Visitors at Collingwood and visitors at brier hill.
The morning came at last on which Arthur was expected, but as he did not appear, Grace gave him up until the morrow, and toward the middle of the afternoon ordered out her carriage, and drove slowly in the direction of Collingwood. Alighting before the broad piazza, and ascending the marble steps, she was asked by Richard’s confidential servant into the parlor, where she sat waiting anxiously while he went, in quest of his master.
“A lady, sir, wishes to see you in the parlor,” and Victor Dupres bowed low before Richard, awaiting his commands.
“A lady, Victor? Did she give her name?”
“Yes, sir; Atherton—Mrs. Grace Atherton, an old friend, she said,” Victor replied, marveling at the expression of his master’s face, which indicated anything but pleasure.
He had expected her—had rather anticipated her coming; but now that she was there, he shrank from the interview. It could only result in sorrow, for Grace was not to him now what she once had been. He could value her, perhaps, as a friend, but Edith’s tale had told him that he to her was more than a friend. Possibly this knowledge was not as distasteful to him as he fancied it to be; at all events, when he remembered it, he said to Victor:
“Is the lady handsome?” feeling a glow of satisfaction in the praises heaped upon the really beautiful Grace. Ere long the hard expression left his face, and straightening up his manly form, he bade Victor take him to her.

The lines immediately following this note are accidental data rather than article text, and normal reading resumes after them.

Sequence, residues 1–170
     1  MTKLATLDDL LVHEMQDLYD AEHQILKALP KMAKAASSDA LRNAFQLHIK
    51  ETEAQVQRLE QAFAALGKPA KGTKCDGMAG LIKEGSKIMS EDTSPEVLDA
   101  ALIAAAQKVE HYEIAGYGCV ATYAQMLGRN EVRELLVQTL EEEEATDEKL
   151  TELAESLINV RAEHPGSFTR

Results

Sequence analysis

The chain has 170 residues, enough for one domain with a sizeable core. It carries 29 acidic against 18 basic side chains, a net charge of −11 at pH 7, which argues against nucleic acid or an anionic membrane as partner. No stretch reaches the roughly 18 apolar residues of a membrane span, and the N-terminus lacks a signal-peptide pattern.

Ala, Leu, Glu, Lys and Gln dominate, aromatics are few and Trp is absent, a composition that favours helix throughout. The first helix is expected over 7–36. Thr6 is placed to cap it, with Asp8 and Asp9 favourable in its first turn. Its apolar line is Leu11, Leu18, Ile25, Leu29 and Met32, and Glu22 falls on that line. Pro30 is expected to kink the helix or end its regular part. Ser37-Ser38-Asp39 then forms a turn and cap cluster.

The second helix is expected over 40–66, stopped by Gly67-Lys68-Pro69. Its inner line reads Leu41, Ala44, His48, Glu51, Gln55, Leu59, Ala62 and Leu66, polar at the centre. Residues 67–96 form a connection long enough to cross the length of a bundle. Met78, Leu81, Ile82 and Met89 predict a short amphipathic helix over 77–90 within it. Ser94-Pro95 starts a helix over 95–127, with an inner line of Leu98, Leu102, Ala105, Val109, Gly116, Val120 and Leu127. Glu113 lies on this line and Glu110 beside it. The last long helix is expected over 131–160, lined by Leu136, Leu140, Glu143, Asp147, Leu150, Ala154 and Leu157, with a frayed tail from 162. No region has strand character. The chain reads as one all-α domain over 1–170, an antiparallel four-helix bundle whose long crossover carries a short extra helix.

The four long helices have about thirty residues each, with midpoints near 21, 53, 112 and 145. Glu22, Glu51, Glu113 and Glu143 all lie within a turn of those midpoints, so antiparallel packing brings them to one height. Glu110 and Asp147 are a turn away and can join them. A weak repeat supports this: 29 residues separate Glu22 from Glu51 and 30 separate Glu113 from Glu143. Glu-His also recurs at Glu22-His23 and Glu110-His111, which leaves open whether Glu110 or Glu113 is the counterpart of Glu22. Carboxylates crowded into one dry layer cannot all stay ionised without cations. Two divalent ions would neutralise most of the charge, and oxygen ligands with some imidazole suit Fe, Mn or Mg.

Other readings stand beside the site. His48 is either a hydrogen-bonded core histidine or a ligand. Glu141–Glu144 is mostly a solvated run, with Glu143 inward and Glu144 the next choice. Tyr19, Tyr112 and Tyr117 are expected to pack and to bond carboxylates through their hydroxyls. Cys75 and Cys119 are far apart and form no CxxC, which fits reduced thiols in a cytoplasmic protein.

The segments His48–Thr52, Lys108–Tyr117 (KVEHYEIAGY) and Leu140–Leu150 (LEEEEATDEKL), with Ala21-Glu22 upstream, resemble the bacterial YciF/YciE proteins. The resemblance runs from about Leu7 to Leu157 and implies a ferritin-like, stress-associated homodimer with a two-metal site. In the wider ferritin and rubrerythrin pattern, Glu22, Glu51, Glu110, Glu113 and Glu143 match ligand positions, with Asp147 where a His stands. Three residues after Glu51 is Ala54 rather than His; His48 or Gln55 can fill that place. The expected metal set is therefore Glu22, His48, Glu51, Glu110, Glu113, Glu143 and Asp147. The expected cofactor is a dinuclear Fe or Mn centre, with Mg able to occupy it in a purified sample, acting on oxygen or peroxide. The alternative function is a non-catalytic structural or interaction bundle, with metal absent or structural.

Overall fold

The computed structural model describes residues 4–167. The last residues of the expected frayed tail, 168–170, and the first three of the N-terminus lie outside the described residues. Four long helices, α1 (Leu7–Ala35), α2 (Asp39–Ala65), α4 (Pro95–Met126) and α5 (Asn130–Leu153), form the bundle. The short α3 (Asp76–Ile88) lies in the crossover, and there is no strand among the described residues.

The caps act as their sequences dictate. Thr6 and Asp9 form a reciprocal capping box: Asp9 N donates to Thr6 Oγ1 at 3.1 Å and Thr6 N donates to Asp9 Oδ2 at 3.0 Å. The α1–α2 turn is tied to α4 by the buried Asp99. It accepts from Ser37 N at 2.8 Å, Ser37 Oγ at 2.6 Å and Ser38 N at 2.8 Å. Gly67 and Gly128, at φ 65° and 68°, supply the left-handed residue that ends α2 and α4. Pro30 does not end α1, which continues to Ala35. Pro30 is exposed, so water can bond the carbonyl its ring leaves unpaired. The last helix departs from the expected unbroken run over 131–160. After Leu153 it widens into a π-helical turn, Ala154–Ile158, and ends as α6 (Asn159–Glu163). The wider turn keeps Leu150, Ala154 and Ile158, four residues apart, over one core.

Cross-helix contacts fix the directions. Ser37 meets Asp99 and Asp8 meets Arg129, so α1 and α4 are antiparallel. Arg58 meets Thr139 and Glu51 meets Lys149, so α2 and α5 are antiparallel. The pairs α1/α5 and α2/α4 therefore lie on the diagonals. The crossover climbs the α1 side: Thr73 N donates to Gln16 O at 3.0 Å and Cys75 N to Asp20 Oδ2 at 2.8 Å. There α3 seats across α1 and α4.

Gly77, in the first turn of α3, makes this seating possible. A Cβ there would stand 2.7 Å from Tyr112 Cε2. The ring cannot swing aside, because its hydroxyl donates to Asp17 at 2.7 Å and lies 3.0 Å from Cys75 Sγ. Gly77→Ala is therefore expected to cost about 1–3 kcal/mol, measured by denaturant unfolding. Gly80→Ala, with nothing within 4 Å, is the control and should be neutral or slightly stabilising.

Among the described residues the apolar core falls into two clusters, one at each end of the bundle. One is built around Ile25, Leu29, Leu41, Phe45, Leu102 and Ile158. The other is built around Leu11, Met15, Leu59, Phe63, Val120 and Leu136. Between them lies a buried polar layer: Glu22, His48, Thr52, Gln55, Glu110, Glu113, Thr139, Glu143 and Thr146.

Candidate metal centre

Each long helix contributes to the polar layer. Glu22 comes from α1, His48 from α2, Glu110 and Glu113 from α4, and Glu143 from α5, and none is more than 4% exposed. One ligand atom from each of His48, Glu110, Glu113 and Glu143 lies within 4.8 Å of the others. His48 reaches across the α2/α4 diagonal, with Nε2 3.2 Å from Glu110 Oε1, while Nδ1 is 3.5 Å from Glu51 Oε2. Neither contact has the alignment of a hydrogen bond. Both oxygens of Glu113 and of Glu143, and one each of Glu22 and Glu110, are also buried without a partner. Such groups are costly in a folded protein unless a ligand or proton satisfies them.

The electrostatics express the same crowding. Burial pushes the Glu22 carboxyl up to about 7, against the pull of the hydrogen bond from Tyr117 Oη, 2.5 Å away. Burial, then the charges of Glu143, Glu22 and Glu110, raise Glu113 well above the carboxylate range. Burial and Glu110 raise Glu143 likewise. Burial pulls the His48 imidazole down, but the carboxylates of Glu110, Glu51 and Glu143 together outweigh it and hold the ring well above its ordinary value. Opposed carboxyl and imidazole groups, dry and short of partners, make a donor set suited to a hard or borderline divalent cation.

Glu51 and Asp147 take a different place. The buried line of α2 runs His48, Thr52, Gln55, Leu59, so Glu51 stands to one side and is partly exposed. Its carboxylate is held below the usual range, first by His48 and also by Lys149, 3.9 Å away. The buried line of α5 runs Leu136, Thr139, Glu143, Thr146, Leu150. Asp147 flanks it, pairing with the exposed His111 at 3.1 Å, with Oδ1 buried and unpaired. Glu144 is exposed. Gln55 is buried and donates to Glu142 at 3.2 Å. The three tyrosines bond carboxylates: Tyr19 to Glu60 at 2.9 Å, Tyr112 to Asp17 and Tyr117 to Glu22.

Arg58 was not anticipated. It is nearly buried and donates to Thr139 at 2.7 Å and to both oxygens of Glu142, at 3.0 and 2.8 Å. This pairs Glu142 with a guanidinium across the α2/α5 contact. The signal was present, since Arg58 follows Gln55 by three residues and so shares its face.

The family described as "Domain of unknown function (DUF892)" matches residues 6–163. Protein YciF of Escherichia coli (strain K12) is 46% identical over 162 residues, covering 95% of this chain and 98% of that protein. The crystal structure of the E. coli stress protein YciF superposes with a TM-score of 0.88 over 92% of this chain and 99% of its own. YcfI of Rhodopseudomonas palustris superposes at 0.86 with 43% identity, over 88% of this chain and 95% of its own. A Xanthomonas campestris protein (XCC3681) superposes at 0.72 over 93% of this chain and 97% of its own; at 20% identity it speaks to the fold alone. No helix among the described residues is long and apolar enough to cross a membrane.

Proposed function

As they crossed the threshold of the door, he struck his foot against it, and instantly there rang in his ear the words which little Edith had said to him so pityingly, “Poor blind man!” while he felt again upon his brow the touch of those childish fingers; and this was why the dark, hard look came back. Edith Hastings rose up between him and the regal creature waiting so anxiously his coming, and who, when he came and stood before her, in his helplessness, wept like a child.
“Richard! oh, Richard! that it should be thus we meet again!” was all that she could say, as, seizing the groping hand, she covered it with her tears.
Victor had disappeared, and she could thus give free vent to her emotions, feeling it almost a relief that the eyes whose glance she once had loved to meet could not witness her grief.
“Grace,” he said at last, the tone of his voice was so cold that she involuntarily dropped his hands and looked him steadily in the face. “Grace, do not aggravate my misfortune by expressing too much sympathy. I am not as miserable as you may think, indeed, I am not as unhappy even now as yourself.”
“It’s true, Richard, true,” she replied, “and because I am unhappy I have come to ask your forgiveness if ever word or action, or taunt of mine caused you a moment’s pain. I have suffered much since we parted, and my suffering has atoned for all my sin.”